Born in Kyoto, Hirano Hakuho studied ukiyo-e painting as a youth and was primarily self taught. Unfortunately, little is known about his life. In the early 1930's, he collaborated with the publisher Watanabe Shozaburo, designing at least six prints. Two of these prints were shown at the 1936 Toledo exhibition.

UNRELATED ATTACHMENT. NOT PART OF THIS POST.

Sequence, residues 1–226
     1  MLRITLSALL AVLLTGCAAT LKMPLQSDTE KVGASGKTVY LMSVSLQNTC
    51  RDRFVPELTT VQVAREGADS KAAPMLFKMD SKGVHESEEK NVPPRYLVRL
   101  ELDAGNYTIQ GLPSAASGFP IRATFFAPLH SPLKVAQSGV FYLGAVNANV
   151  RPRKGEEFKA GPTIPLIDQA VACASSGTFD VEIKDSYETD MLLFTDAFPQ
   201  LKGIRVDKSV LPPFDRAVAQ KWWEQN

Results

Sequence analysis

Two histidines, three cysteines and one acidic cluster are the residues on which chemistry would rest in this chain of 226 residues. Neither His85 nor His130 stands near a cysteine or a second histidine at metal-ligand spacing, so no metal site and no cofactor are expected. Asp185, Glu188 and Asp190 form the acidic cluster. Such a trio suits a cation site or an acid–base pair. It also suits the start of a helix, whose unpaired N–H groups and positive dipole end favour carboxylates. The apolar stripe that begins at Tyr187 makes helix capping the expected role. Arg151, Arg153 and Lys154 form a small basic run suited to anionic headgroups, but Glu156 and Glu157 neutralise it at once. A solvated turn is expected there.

Like many other bijin-ga artists, Hakuho portrayed beautiful Japanese women as they dress or arrange their hair. However, in the majority of his prints, the woman is depicted from the side or back, mysteriously concealing her face and emotions. This unusual perspective creates a voyeuristic intimacy, both distancing and drawing in the viewer. It also emphasizes the back of the woman's neck, considered erotic in Japan. Hakuho's prints, characterized by graceful lines, muted colors, and swirling baren lines (gomazuri), depict the traditional ideal of Japanese femininity.